All states on the eastern coast and the Andaman and Nicobar islands were put on tsunami alert. Home Secretary RK Singh was in constant touch with the Chief Secretaries of Tamil Nadu, Andhra Pradesh, Odisha and the Andamans. All naval ships under the Eastern Naval Command were also put on alert.
According to the Indian National Centre for Ocean Information Services (INCOIS), which provides information on oceanic activity, all tsunami warning systems were working well.
The Indian Air Force was kept ready for relief operations; six teams of 40 people each from the National Disaster Relief Force (NDRF) were positioned at Hindon near Delhi, and at Chennai and two C-130 J heavy-lift aircrafts of the Indian Air Force were on stand-by to leave for Port Blair with the NDRF teams and 10 tonnes of relief material.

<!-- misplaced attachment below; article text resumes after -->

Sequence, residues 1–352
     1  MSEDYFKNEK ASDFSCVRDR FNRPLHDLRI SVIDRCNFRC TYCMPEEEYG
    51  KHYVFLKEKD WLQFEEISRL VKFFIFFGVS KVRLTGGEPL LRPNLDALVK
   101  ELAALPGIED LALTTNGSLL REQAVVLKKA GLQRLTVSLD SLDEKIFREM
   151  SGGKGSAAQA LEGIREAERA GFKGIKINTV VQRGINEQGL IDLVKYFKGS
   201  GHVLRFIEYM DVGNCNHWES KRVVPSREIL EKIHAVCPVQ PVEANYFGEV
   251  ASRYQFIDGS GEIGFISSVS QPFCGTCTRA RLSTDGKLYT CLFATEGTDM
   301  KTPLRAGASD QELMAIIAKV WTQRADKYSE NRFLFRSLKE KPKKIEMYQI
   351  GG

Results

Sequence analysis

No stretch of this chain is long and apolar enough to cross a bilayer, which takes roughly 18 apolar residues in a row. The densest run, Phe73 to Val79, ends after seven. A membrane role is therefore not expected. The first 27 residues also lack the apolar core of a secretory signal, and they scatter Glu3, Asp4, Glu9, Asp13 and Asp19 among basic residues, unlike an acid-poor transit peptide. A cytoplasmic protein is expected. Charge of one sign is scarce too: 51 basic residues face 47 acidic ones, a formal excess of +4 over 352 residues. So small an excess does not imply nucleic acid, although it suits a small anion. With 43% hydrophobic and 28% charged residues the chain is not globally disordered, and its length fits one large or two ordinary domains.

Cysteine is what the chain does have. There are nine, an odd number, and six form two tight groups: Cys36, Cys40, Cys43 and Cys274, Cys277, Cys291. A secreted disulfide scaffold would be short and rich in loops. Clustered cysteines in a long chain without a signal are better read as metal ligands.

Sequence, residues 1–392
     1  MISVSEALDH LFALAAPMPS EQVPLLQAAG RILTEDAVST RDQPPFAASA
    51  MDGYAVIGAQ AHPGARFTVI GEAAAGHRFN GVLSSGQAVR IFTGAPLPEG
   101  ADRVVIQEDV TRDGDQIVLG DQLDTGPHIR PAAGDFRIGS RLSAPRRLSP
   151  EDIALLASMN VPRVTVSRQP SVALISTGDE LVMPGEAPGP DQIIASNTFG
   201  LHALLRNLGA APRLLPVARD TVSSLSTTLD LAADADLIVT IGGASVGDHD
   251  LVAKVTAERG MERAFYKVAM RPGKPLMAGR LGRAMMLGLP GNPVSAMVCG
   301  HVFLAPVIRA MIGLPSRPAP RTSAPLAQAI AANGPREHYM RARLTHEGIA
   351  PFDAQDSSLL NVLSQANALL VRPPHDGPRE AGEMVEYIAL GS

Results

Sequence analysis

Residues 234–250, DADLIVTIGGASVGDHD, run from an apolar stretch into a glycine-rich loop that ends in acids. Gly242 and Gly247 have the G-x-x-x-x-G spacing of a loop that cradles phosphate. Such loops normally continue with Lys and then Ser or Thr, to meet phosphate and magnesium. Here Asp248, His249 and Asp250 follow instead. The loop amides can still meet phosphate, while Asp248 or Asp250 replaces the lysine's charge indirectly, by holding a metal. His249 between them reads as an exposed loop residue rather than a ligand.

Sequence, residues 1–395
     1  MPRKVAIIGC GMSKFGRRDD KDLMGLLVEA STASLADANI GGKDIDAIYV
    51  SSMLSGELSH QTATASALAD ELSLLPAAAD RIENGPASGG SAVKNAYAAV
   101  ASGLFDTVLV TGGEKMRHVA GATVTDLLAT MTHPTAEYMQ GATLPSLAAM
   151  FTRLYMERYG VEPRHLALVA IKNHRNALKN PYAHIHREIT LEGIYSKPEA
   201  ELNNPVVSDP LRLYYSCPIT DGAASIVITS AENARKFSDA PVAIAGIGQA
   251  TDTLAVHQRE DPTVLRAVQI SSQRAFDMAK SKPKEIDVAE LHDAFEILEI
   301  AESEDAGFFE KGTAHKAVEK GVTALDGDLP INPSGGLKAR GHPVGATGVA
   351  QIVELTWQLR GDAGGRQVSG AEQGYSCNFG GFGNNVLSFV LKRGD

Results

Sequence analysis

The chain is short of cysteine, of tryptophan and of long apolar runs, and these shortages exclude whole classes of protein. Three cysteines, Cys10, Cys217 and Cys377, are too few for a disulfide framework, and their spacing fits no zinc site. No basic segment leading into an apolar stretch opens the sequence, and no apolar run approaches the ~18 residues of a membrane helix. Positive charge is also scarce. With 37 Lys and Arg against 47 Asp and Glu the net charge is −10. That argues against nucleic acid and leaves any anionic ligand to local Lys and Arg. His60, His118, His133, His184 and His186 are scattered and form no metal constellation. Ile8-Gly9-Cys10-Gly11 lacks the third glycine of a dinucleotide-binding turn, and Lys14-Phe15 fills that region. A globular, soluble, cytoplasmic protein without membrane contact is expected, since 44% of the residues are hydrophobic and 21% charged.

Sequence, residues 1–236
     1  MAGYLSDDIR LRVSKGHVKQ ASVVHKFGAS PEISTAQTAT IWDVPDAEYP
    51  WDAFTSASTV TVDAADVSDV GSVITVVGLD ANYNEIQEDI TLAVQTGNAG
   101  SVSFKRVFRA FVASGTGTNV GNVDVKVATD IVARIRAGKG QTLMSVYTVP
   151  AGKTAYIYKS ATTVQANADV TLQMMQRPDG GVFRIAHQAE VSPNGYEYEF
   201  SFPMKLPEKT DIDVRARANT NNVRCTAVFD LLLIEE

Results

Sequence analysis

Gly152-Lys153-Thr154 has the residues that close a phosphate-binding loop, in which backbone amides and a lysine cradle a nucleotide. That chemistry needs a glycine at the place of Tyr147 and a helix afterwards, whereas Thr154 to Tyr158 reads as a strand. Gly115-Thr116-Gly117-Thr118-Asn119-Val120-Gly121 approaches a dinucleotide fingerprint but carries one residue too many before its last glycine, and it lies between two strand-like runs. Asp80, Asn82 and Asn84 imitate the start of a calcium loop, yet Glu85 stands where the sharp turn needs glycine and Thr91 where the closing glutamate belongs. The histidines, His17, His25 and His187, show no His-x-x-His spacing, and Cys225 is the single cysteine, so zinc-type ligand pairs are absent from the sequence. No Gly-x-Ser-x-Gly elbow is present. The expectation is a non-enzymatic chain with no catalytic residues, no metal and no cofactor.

Meanwhile, state governments set into motion standard emergency drills. People in the coastal districts were instructed to move to higher ground. All ships anchored on the coast were told to move into the high seas. On the beaches at Chennai, policemen used megaphones to ask people to leave, with little effect. Mobile phone networks were jammed in the city till 4 pm. In Andhra Pradesh, fishermen were asked to return from sea. Odisha Chief Minister Naveen Patnaik convened an emergency meet following the tsunami alert. In the Andaman and Nicobar Islands, civilians were asked to move to higher ground. In Kolkata, metro trains were stopped at 2.40 pm for nearly an hour; as a precaution, passengers were evacuated.